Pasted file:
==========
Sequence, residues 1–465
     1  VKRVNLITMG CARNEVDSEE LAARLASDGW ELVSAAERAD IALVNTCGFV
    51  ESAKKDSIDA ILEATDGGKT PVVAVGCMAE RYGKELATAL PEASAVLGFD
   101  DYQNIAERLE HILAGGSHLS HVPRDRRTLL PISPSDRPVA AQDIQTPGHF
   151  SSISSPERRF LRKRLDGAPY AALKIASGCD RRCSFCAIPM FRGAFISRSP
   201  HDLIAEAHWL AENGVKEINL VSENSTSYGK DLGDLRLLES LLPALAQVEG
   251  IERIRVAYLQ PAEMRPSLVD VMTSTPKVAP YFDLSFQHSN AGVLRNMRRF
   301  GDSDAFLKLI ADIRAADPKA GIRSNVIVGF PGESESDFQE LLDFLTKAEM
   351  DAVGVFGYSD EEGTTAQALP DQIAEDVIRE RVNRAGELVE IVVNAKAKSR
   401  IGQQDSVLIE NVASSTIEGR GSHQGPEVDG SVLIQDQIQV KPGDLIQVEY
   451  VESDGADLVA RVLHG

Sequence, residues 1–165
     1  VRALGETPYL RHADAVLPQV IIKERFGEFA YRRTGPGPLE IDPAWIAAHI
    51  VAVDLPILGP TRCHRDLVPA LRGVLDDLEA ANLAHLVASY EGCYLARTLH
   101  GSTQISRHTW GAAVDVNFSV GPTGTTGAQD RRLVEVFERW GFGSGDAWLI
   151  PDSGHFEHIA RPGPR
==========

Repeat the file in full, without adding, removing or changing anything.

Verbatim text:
Sequence, residues 1–465
     1  VKRVNLITMG CARNEVDSEE LAARLASDGW ELVSAAERAD IALVNTCGFV
    51  ESAKKDSIDA ILEATDGGKT PVVAVGCMAE RYGKELATAL PEASAVLGFD
   101  DYQNIAERLE HILAGGSHLS HVPRDRRTLL PISPSDRPVA AQDIQTPGHF
   151  SSISSPERRF LRKRLDGAPY AALKIASGCD RRCSFCAIPM FRGAFISRSP
   201  HDLIAEAHWL AENGVKEINL VSENSTSYGK DLGDLRLLES LLPALAQVEG
   251  IERIRVAYLQ PAEMRPSLVD VMTSTPKVAP YFDLSFQHSN AGVLRNMRRF
   301  GDSDAFLKLI ADIRAADPKA GIRSNVIVGF PGESESDFQE LLDFLTKAEM
   351  DAVGVFGYSD EEGTTAQALP DQIAEDVIRE RVNRAGELVE IVVNAKAKSR
   401  IGQQDSVLIE NVASSTIEGR GSHQGPEVDG SVLIQDQIQV KPGDLIQVEY
   451  VESDGADLVA RVLHG

Sequence, residues 1–165
     1  VRALGETPYL RHADAVLPQV IIKERFGEFA YRRTGPGPLE IDPAWIAAHI
    51  VAVDLPILGP TRCHRDLVPA LRGVLDDLEA ANLAHLVASY EGCYLARTLH
   101  GSTQISRHTW GAAVDVNFSV GPTGTTGAQD RRLVEVFERW GFGSGDAWLI
   151  PDSGHFEHIA RPGPR